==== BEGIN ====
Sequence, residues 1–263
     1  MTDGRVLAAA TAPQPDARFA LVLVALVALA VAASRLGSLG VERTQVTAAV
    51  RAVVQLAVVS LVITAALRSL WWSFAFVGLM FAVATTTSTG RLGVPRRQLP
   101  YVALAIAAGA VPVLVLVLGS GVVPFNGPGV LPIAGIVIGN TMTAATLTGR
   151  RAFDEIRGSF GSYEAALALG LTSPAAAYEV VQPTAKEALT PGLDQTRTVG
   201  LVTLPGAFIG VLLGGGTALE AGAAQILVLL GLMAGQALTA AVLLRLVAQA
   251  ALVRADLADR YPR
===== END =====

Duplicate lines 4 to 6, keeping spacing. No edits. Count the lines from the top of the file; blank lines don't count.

   101  YVALAIAAGA VPVLVLVLGS GVVPFNGPGV LPIAGIVIGN TMTAATLTGR
   151  RAFDEIRGSF GSYEAALALG LTSPAAAYEV VQPTAKEALT PGLDQTRTVG
   201  LVTLPGAFIG VLLGGGTALE AGAAQILVLL GLMAGQALTA AVLLRLVAQA